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  20. Joe says:

    Too soon to give up. 3.5 games can change quickly.

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    • KHAZAD says:

      They are 4.5 games back right now,with a losing record, and more importantly, have 4 teams that they must leapfrog just to get into the second wild card spot, and another team just behind them. In a vacuum, against one team, you can hope that you have a great couple of months and that they lay an egg or are just mediocre.

      This is not a vacuum. Even if you play very well, (an unlikely enough task for a .490 team) you have to count on ALL 4 or 5 other teams not matching you, and the more teams that are involved, the less likely the possibility becomes in an exponential fashion.

      The second wild card game seems to somewhat “paralyze” alot of teams into believing that they still have a chance, and keeps them from making moves that might improve their chances more in future years. Indeed many of them make moves that somewhat lessen their future. It keeps them mediocre until it all comes crashing down, and for the Royals, this is coming sooner rather than later. If there were still one wild card, the Royals would be 10.5 games back, which would not noticeably increase their 1.9% chance of winning the Central, and they would be sellers.

      In today’s game, the 8.5% point that they are at right now (about 75% of that probability being one road playoff game) with a week left to trade definitely SHOULD make them sellers, but it won’t.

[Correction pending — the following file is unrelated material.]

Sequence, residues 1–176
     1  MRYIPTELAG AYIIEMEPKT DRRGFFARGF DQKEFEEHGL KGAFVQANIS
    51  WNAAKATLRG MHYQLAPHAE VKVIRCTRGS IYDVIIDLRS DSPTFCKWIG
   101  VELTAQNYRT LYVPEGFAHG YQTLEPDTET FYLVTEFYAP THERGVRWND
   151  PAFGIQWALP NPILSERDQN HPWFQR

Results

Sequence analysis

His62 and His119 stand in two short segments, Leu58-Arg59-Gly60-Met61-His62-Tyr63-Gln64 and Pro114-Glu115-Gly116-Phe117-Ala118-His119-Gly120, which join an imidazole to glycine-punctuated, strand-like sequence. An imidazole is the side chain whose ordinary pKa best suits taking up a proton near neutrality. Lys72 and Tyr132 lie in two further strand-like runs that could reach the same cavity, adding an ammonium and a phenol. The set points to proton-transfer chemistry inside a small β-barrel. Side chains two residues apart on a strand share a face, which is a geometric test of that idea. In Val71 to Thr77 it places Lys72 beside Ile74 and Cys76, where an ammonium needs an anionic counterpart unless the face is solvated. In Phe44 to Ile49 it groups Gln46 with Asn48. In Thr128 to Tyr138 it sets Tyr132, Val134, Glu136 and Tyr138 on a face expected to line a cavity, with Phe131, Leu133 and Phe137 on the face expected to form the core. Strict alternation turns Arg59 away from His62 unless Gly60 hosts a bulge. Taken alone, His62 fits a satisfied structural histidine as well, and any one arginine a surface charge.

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      • Joe says:

        It was 3.5 when the article was written. And if I had it my way, I’d only have two teams in each league make the playoffs. But the wild cards exist, so you have to make a run if you have a shot. That being said, I’d just wait until the last minute before the deadline to see if a deal needs to be made

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  21. How much would they even lose next year in productivity? Sign a 2 WAR SP in the off season and if you trade Shields for a few MLB ready prospects who combine for 3 WAR and you win right?

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    • Jason B says:

      I don’t disagree with the thrust of your point, but Shields is not likely to return “a few MLB ready prospects”.

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  22. DC has been writing about the demise of the Royals for a while now. I’m still waiting for the piece saying that the Mets should have traded Jose Reyes and David Wright…